We all make poor choices against our better judgment. It’s kind of what makes us human – the tendency to actively and willfully make decisions that will result in unfavorable outcomes. Sure, the candy bar tastes good, but you know you’ll feel awful after eating it. Yeah, that blog is fun to read, but you know you’d be much happier if you finished that essay for class first. And yet five minutes later, a candy bar wrapper sits, emptied of its contents; your molars house fragments of nougat and sport a caramel sheen; light nausea approaches; and you find yourself wading knee deep through comment sections, MS Word window minimized. What just happened? Why did you do those things that you told yourself you wouldn’t, that you warned yourself against, and whose negative ramifications are already coming to fruition – just as you predicted?
Today I round out my Wahls-inspired series on the health benefits of eating various classes of plant matter. If you’re just now joining us, be sure to watch the video in which Terry Wahls explains how eating a Paleo diet rich in leafy greens, cruciferous vegetables, and brightly colored produce (plus meat and seaweed and fish and offal) coincided with a regression in her rapidly-progressing MS. Then, read the previous two installments on leafy greens and crucifers to get completely caught up.
All ready? Good.
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Today’s Dear Mark is a fun one. The question comes from a college student saddled with a lackluster meal plan. Unsurprisingly, it isn’t Primal in the slightest. Worst of all, it’s obligatory, meaning she has no choice but to pay for all this food she doesn’t want to eat. Since I find this pretty appalling, I tried to help the student with a letter to the director of food service explaining what changes can and should be made to make the meal plan healthier. The changes I propose aren’t going to catch any of you off guard, but I tried to make them as palatable for someone who isn’t steeped in this stuff as I could.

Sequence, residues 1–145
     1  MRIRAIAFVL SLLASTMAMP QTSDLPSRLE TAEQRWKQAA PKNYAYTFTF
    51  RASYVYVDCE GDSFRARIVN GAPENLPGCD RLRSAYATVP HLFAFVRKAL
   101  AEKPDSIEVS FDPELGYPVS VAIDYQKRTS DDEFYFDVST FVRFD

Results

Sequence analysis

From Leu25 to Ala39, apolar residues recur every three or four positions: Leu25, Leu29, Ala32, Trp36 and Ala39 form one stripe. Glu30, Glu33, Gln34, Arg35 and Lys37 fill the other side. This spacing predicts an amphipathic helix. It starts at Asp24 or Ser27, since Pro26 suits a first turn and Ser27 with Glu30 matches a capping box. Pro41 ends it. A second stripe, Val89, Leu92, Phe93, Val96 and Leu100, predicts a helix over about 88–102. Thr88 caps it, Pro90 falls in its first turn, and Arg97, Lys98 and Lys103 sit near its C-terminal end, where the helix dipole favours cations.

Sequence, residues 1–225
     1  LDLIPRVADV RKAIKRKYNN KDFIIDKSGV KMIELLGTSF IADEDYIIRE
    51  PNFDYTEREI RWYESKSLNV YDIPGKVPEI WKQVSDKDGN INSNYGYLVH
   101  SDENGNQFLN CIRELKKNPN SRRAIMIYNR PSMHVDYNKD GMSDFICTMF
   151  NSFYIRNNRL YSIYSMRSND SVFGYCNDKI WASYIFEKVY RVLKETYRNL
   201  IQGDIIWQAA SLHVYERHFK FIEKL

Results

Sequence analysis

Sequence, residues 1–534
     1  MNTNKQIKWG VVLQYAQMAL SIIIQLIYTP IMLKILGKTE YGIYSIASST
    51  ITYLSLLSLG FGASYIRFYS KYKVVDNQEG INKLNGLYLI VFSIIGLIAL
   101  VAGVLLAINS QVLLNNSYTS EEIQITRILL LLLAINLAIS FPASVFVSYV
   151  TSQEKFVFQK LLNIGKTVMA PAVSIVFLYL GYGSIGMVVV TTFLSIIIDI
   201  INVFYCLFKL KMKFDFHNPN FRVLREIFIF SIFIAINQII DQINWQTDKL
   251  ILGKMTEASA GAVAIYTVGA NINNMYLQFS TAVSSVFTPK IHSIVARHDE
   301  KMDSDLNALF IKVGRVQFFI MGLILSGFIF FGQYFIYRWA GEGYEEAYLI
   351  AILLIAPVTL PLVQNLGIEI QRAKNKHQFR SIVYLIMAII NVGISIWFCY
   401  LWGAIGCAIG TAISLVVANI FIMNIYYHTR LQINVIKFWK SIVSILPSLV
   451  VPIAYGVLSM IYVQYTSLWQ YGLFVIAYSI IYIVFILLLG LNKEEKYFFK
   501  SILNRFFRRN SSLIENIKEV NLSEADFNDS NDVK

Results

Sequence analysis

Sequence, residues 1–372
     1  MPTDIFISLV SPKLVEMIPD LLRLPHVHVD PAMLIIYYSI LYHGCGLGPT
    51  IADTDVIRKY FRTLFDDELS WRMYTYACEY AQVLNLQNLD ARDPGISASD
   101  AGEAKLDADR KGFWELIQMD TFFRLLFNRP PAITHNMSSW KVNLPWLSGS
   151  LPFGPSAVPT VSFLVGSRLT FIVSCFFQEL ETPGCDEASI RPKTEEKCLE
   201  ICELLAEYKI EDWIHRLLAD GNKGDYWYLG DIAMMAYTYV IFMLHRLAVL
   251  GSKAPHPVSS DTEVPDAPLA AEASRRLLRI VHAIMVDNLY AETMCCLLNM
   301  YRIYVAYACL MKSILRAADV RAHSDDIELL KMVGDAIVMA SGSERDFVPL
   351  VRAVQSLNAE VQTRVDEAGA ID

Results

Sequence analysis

Okay, enough blathering. Let’s just get to the question:
Listen to the Chrises Kresser and Masterjohn discuss cholesterol, thyroid hormone, iodine, goitrogens, and heart disease on the Revolution Health Radio podcast, their third on the subject. Here are parts one and two.
Less trans-fat is coursing through the blood of white American adults.
A recent study found that a lack of sun exposure was linked to a higher risk of stroke.
Why you should include unilateral lower body movements in your workouts and break up all that pure unadulterated back squatting from time to time.
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